The History of the Decline and Fall of the Roman Empire by Edward Gibbon Book Summary:
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Indigenous Data Sovereignty by Tahu Kukutai,John Taylor Book Summary:
As the global ‘data revolution’ accelerates, how can the data rights and interests of indigenous peoples be secured? Premised on the United Nations Declaration on the Rights of Indigenous Peoples, this book argues that indigenous peoples have inherent and inalienable rights relating to the collection, ownership and application of data about them, and about their lifeways and territories. As the first book to focus on indigenous data sovereignty, it asks: what does data sovereignty mean for indigenous peoples, and how is it being used in their pursuit of self-determination? The varied group of mostly indigenous contributors theorise and conceptualise this fast-emerging field and present case studies that illustrate the challenges and opportunities involved. These range from indigenous communities grappling with issues of identity, governance and development, to national governments and NGOs seeking to formulate a response to indigenous demands for data ownership. While the book is focused on the CANZUS states of Canada, Australia, Aotearoa/New Zealand and the United States, much of the content and discussion will be of interest and practical value to a broader global audience. ‘A debate-shaping book … it speaks to a fast-emerging field; it has a lot of important things to say; and the timing is right.’ — Stephen Cornell, Professor of Sociology and Faculty Chair of the Native Nations Institute, University of Arizona ‘The effort … in this book to theorise and conceptualise data sovereignty and its links to the realisation of the rights of indigenous peoples is pioneering and laudable.’ — Victoria Tauli-Corpuz, UN Special Rapporteur on the Rights of Indigenous Peoples, Baguio City, Philippines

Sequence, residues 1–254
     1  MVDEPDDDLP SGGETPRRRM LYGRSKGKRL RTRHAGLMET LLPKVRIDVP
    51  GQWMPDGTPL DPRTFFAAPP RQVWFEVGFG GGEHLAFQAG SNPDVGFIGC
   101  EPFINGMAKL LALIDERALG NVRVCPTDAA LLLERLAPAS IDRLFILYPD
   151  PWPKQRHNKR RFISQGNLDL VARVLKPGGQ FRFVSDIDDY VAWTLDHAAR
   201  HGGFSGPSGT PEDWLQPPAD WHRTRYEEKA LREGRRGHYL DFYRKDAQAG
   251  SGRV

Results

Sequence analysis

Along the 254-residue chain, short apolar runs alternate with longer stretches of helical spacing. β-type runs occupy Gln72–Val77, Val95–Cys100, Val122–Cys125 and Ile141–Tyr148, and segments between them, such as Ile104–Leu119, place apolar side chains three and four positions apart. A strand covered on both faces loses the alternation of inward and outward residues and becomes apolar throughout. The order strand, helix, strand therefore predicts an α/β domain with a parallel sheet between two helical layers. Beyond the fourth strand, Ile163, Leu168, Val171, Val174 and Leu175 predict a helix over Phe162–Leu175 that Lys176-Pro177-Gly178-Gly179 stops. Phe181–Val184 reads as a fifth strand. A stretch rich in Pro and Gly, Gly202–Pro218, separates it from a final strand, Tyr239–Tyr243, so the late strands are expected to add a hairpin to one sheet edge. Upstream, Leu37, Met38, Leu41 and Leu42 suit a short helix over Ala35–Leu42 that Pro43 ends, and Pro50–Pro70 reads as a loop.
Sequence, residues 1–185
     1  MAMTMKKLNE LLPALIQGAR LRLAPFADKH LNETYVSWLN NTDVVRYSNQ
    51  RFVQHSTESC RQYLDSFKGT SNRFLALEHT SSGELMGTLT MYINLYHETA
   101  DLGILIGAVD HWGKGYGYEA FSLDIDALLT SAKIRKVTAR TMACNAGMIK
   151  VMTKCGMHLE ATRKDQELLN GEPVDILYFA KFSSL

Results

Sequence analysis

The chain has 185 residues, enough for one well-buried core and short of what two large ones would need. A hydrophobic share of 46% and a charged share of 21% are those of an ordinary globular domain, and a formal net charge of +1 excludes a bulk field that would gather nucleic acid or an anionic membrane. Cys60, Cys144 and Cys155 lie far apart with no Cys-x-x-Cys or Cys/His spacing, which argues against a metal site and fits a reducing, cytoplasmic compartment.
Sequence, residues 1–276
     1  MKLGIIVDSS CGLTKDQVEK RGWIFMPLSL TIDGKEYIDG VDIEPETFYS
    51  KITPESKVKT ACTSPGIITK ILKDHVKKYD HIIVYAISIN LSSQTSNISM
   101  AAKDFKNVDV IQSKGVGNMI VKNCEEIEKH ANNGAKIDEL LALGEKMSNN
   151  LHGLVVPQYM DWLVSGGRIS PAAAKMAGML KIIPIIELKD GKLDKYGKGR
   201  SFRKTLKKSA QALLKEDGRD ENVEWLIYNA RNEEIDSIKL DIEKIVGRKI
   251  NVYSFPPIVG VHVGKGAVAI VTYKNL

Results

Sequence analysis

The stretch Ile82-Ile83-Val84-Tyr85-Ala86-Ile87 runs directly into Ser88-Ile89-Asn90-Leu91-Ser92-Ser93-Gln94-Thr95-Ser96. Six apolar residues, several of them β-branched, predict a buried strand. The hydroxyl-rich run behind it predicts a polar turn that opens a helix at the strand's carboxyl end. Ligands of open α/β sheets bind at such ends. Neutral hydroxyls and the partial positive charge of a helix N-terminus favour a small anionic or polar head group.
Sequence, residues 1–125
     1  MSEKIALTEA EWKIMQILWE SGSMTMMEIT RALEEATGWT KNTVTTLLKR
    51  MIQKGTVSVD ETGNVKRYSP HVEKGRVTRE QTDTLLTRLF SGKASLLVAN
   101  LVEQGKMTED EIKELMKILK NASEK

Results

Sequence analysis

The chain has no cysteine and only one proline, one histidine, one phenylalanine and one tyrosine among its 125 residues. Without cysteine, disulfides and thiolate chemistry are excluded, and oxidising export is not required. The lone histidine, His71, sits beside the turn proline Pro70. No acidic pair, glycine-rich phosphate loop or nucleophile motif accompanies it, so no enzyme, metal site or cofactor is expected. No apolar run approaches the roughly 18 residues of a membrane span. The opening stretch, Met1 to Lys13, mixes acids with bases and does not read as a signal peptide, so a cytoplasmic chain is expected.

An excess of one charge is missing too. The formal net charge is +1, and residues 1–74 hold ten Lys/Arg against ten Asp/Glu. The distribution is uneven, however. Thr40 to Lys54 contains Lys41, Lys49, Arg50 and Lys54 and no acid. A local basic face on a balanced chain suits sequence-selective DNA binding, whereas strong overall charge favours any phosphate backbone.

Cambridge History of Christianity: Volume 1, Origins to Constantine by Margaret M. Mitchell,Frances M. Young,K. Scott Bowie Book Summary:
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Rethinking the Russo-Japanese War, 1904-5 by N.A Book Summary: